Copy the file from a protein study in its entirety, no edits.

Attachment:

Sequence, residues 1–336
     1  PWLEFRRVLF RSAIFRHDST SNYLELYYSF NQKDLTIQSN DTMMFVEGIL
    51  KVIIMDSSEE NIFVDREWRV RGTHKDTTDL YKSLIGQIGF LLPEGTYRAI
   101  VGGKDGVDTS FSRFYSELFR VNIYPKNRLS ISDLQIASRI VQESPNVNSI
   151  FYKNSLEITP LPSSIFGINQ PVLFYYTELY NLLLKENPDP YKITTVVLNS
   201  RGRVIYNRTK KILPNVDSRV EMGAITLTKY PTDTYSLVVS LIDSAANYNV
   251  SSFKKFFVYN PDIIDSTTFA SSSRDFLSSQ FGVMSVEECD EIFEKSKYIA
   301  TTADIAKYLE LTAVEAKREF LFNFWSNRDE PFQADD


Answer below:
Sequence, residues 1–336
     1  PWLEFRRVLF RSAIFRHDST SNYLELYYSF NQKDLTIQSN DTMMFVEGIL
    51  KVIIMDSSEE NIFVDREWRV RGTHKDTTDL YKSLIGQIGF LLPEGTYRAI
   101  VGGKDGVDTS FSRFYSELFR VNIYPKNRLS ISDLQIASRI VQESPNVNSI
   151  FYKNSLEITP LPSSIFGINQ PVLFYYTELY NLLLKENPDP YKITTVVLNS
   201  RGRVIYNRTK KILPNVDSRV EMGAITLTKY PTDTYSLVVS LIDSAANYNV
   251  SSFKKFFVYN PDIIDSTTFA SSSRDFLSSQ FGVMSVEECD EIFEKSKYIA
   301  TTADIAKYLE LTAVEAKREF LFNFWSNRDE PFQADD